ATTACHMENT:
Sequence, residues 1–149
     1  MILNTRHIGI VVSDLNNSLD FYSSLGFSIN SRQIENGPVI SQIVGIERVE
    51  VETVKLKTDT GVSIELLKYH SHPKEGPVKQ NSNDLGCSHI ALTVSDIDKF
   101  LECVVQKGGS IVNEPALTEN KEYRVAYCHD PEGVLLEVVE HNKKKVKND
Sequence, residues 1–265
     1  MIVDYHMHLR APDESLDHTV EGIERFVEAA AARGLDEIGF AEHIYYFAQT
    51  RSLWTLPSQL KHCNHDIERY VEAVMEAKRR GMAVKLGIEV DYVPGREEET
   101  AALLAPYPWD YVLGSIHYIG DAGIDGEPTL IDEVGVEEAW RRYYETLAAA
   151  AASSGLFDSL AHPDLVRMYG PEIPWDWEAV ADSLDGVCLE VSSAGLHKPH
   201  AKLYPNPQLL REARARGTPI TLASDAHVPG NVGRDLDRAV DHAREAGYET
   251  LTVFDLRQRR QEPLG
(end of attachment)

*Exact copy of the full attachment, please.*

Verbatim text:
Sequence, residues 1–149
     1  MILNTRHIGI VVSDLNNSLD FYSSLGFSIN SRQIENGPVI SQIVGIERVE
    51  VETVKLKTDT GVSIELLKYH SHPKEGPVKQ NSNDLGCSHI ALTVSDIDKF
   101  LECVVQKGGS IVNEPALTEN KEYRVAYCHD PEGVLLEVVE HNKKKVKND
Sequence, residues 1–265
     1  MIVDYHMHLR APDESLDHTV EGIERFVEAA AARGLDEIGF AEHIYYFAQT
    51  RSLWTLPSQL KHCNHDIERY VEAVMEAKRR GMAVKLGIEV DYVPGREEET
   101  AALLAPYPWD YVLGSIHYIG DAGIDGEPTL IDEVGVEEAW RRYYETLAAA
   151  AASSGLFDSL AHPDLVRMYG PEIPWDWEAV ADSLDGVCLE VSSAGLHKPH
   201  AKLYPNPQLL REARARGTPI TLASDAHVPG NVGRDLDRAV DHAREAGYET
   251  LTVFDLRQRR QEPLG